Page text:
Greg Nemet on Technological Change and How Solar Became Cheap
Greg Nemet is a a Professor at the University of Wisconsin–Madison in the La Follette School of Public Affairs and an Andrew Carnegie Fellow. He is also the author of How Solar Energy Became Cheap
In this episode, we discuss:
- The distinct phases that helped solar PV move down its learning curve
- What lessons we can learn on how to accelerate and affect other technologies
- Theories about National Innovation Systems and lock-in
- How Solar Got Cheap website and book
- Neil Hacker’s Scaling Carbon Removal and blog
- Our World In Data’s Why did renewables become so cheap so fast?
- Frontier Climate’s advance market commitment to accelerate carbon removal (and Stripe Climate)
- Our related episodes with Doyne Farmer and Matt Ives
- US Government’s Project Independence
- Too cheap to meter
- US’s government spending on energy R&D over time
- Origins of the German Green Party
- Renewable energy’s duck curve
- National Innovation Systems and technology lock-in
- Solar niche markets graph —
Hi, you’re listening to Hear This Idea. In this episode I speak to Greg Nemet who is a professor at the University of Wisconsin Madison, as well as andrew Carnegie Fellow. Greg’s research is focused on how to affect technological change and he’s written the book How Solar Energy Became Cheap, which has become immensely popular amongst both climate and energy experts. I was really excited to get to speak to Greg for two main reasons. Firstly, his telling of the solar PV story is just really fascinating. I imagine that some listeners will be familiar with the learning curve and rights law, which we have discussed in other episodes too, whereby it has been observed that each time solar capacity doubles, prices dropped by around 20%.
And that cumulatively that this has led to solar becoming about a thousand times cheaper than it was just a few decades ago. But I imagine that fewer listeners will be familiar with what actually happened in real life that led to these absurdly large cost declines. And really what’s behind this kind of observed law? Greg argues that innovation was driven by distinct phases and that the timing of these was arguably contingent on some key policy and individual decisions. So whilst cheap solar has been a great headwind for mitigating climate change and in worse worlds, it could have arrived much later, it could have also arrived a lot sooner.
And that brings me to the second reason, which is why I was excited to speak to Greg, which is that I think that there are some important lessons from solar Pve to apply to other technologies both within and beyond climate change.
I think that a lot of causes.
Promoted by effective altruism are deeply linked to the idea of affecting technological development. For example, accelerating alternative proteins to end factory farming, bringing forth melogenomic sequencing to warn against pandemics, or steering artificial intelligence to be safer and more transparent. That means that there is a lot to learn here from other fields too. Things like grabbing policy windows to push through ambitious agendas roadmapping, how technology can scale from niche markets to widespread global adoption, and what key features let a technology unlock learning by doing and when we need to look for other case studies. All in all, I think that there is a lot in this episode. So as always, there are chapter marks to help guide you through the interview. But without further ado, here’s the episode.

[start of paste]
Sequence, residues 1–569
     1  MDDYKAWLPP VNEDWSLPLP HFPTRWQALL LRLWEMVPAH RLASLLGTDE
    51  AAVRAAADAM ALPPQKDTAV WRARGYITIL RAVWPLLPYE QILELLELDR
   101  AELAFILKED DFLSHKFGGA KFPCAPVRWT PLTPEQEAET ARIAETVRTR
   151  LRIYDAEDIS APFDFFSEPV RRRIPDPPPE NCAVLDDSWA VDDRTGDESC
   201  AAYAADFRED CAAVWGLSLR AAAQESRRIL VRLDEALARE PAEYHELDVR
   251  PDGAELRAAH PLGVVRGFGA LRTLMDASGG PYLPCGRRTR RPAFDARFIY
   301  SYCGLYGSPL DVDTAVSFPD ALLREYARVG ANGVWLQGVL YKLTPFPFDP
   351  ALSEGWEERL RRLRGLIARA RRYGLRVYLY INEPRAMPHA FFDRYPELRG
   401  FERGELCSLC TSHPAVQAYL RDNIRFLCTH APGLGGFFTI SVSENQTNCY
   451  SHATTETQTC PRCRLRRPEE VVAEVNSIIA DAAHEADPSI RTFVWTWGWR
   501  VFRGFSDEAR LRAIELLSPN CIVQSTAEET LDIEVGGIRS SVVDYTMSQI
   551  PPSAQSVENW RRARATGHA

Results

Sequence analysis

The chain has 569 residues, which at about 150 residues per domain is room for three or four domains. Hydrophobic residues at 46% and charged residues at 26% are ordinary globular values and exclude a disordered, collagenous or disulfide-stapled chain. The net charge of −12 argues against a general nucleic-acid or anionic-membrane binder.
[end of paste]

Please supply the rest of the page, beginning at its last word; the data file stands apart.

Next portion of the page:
My name is Greg Nemet, I’m a professor at the University of Wisconsin and I work on low carbon innovation.
Great. And what is a problem that you’re currently stuck on?
I think the big question I have is how fast can nascent climate technologies grow and there’s urgency to decarbonize our economy by mid century. And so technologies that are just emerging and looking promising and have lots of good attributes are cool if they grow and people can use them, but they’re only meaningful for the climate if they get really big and so that they can play a big role in that, there’s emergency to doing that. So that’s a big question I have. How fast can things grow?
Cheap solar could have come much sooner
One of these technologies that you looked at was solar PV. And I actually wrote a whole fantastic book about and one of the things that really struck me there is, I think, maybe relating to this theme of urgency you mentioned, which is that often I think in discourse you see Iran on the Internet and in policy as well. It’s that solar PV, it was this great success story and we saw this really dramatic decline in costs. But I think one of the really interesting things that you raise here is we could have actually gotten to where we are here a lot quicker. And yeah, I just find that like a really interesting framing. And I’m maybe curious for you to kind of expand on what you mean by that.